Cartilage Defects

FAQ’s on Cartilage Defect Treatment in Oklahoma


Articular cartilage restoration is an important part of orthopedic medicine. The general population is aging, and people are living longer. Articular cartilage wear-and-tear is more common among older persons, which means cartilage defects are increasing.


What is the purpose of articular cartilage?


Articular cartilage allows the knee to tolerate large forces and absorb shock. The knee joint alone can carry loads up to 20 times the body’s overall weight. The ends of bones are typically covered with articular cartilage, which is an elastic, tough material that allows the joint to move smoothly.


The inability for articular cartilage to regenerate contributes to these defects. Articular cartilage integrity is important to preserving joint function. Cartilage is formed from chondrocytes, which are less prevalent with injury and age.


What are the signs of articular cartilage injury?


Regarding the knee, cartilage injury typically causes pain, which is worsened when walking down hills, descending stairs, or climbing stairs. Knee cartilage defect often occurs in athletic people who are runners, cyclists, soccer players, or skiers.


What causes an articular cartilage injury?


Articular injury can occur in young adults from overuse, injury, muscle weakness, or misalignment. Instead of gliding smoothly across bone ends, the knee cap may rub against it, which can roughen or damage the cartilage underneath.


How common is articular knee cartilage injuries?


In a case series study, researchers found that 95% of articular cartilage injuries affected the patellofemoral joint (knee). The cartilage defect was caused by chondral or osteochondral fracture, and associated with patellar cracks.


How many cartilage-related injuries occur each year?


In the U.S., more than 500,000 procedures are performed due to cartilage-related injuries. Cartilage defects are noted in around 65% of routine knee arthroscopies.


What causes articular cartilage damage?


Defects and damage to the cartilage occurs from both acute ad repetitive trauma, which results in knee pain, mechanical symptoms, and mild effusion. Joint surface defects are common, and they can lead to pain and arthritis.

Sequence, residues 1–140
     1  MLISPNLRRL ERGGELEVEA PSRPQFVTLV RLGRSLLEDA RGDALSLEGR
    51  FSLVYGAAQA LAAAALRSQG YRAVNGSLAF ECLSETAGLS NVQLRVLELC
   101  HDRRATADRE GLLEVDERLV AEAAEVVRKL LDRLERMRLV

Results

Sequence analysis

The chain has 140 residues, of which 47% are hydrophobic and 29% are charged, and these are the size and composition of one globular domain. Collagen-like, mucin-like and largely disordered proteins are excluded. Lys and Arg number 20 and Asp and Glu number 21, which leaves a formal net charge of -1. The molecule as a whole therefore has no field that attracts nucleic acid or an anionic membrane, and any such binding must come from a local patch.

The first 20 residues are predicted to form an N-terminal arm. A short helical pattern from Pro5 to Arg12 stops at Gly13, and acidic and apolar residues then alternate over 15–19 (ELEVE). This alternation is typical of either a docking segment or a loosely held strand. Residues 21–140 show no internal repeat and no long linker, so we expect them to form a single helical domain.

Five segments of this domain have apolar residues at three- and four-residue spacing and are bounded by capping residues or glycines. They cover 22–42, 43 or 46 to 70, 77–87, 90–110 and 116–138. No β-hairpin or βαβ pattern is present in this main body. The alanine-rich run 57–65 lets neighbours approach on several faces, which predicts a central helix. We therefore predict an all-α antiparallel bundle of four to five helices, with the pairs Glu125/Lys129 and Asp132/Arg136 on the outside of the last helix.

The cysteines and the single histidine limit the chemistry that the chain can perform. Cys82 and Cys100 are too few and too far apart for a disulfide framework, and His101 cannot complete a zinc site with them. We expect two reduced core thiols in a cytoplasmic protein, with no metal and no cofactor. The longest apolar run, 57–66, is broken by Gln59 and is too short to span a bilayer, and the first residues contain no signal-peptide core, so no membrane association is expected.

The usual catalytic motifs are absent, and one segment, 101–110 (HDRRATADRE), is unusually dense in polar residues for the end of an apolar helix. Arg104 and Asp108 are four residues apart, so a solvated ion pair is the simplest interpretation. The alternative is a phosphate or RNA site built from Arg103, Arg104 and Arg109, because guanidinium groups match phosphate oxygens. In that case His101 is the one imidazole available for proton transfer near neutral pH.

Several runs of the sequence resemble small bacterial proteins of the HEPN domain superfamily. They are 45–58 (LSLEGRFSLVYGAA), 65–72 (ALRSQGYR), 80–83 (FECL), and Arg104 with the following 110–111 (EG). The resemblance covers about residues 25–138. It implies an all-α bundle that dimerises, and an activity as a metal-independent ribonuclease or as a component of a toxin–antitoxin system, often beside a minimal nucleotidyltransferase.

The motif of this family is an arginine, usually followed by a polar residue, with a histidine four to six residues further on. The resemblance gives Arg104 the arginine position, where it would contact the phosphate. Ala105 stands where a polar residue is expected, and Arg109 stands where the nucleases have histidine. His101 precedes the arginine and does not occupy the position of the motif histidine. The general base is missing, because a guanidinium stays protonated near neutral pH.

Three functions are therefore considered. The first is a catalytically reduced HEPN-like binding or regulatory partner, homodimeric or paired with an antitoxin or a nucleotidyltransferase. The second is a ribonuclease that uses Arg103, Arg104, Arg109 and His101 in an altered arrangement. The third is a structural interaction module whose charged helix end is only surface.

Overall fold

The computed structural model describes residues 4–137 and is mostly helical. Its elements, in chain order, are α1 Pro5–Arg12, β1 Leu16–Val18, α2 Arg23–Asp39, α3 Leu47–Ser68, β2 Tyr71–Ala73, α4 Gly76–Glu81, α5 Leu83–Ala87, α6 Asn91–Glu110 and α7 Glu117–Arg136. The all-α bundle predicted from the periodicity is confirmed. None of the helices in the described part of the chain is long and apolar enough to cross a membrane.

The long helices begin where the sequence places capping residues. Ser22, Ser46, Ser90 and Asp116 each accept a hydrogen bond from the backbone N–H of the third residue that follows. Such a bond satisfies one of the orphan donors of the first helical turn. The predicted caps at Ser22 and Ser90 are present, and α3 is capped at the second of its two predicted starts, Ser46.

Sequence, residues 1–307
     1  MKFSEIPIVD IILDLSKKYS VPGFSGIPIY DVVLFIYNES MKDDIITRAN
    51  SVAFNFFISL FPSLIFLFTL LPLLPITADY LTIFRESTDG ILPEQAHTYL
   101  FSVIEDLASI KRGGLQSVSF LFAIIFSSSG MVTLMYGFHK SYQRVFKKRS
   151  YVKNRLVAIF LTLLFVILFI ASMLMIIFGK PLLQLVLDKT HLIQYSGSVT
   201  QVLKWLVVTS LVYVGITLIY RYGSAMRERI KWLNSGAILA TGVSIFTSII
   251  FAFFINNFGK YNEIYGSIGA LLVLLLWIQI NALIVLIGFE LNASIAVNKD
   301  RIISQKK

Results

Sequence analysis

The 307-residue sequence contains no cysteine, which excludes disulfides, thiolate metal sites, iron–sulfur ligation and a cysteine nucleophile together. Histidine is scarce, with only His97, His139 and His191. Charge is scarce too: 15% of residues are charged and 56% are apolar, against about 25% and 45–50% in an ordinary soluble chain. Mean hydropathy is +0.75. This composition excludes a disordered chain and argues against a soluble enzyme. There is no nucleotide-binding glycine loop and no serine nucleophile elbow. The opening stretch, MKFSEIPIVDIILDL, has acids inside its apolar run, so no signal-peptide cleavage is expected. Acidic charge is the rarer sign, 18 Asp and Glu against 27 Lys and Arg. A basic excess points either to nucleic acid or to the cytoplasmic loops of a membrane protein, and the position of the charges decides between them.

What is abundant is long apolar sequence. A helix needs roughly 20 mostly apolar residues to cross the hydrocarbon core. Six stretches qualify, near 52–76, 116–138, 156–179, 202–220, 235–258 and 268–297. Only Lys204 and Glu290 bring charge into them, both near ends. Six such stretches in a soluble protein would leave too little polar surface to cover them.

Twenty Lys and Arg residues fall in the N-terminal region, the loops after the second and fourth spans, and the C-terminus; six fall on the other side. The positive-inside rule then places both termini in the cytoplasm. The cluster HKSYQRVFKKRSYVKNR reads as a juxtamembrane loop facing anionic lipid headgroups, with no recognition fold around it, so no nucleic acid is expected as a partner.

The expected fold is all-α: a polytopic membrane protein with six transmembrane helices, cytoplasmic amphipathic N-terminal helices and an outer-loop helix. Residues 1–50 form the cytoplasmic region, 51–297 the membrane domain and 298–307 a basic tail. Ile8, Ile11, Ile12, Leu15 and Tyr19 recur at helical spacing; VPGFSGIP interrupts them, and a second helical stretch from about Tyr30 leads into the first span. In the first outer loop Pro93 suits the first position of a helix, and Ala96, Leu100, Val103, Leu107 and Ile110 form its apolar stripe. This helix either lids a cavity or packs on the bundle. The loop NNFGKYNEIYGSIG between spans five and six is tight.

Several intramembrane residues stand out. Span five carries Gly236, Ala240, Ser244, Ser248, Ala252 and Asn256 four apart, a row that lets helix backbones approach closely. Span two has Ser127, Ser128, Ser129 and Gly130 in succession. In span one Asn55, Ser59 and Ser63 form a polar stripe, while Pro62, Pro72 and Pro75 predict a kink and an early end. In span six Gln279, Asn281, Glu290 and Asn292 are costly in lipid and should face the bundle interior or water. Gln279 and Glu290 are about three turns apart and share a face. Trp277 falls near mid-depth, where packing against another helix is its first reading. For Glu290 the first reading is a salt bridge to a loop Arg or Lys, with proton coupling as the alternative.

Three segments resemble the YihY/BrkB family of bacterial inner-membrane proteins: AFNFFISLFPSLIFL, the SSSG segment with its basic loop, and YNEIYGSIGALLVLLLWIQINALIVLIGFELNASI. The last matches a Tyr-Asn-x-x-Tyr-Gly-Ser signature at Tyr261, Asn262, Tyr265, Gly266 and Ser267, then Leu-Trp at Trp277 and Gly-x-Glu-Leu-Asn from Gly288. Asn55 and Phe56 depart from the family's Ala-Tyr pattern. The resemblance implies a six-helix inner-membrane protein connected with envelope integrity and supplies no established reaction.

How are cartilage defects treated?


  • Surgery – Total joint replacement can be done when the cartilage is damaged severely or wasted away.


  • Microfracture – Young active people who are not candidates for a replacement procedure often have microfracturing. This involves drilling holes into the bone surface with a special device. The bleeding and scarring with fibrocartilage replaces the lost cartilage.


  • Stem cell therapy – Mesenchymal stem cells (MSCs) have emerged as a treatment option for chondral defects and early osteoarthritis stages. In systematic review of several studies, researchers found 600 clinical studies where stem cells were used to treat cartilage defects. Many of these studies show a significant clinical benefit when stem cells were used.


  • Autologous stem cell implantation – Some stem cells are cultured in the laboratory and expanded. These cells are then transplanted to the cartilage defect via arthroscopic means. The goal of stem cell transplantation is to allow patients to return to previous level of function, return to work, regain mobility, and alleviate pain.


What can I expect after a stem cell procedure?


Depending on the site of the arthroscopic procedure, the joint is braced for several hours. Passive motion therapy starts soon after the procedure, which helps prevent joint stiffness and adhesions. The doctor will refer you to physical therapy to restore knee motion.



  • Aroen A, Loken S, Heir S, et al. Articular cartilage lesions in 993 consecutive knee arthroscopies. American Journal of Sports Medicine. 2004;32(1):211–215.
  • Filardo G, Perdisa F, Roffi A, et al. (2016). Stem cells in articular cartilage regeneration. Journ of Orthoped Surg, 11(42).
  • Nomura E, Inoue M, & Kurimura M (2003). Chondral and osteochondral injuries associated with acute patellar dislocation. Science Direct, 19(7), 717-721.
  • Shah MR, Kaplan KM, Meislin RJ, Bosco JA. Articular cartilage restoration of the knee. Bulletin of the NYU Hospital for Joint Diseases. 2007;65(1):51–60.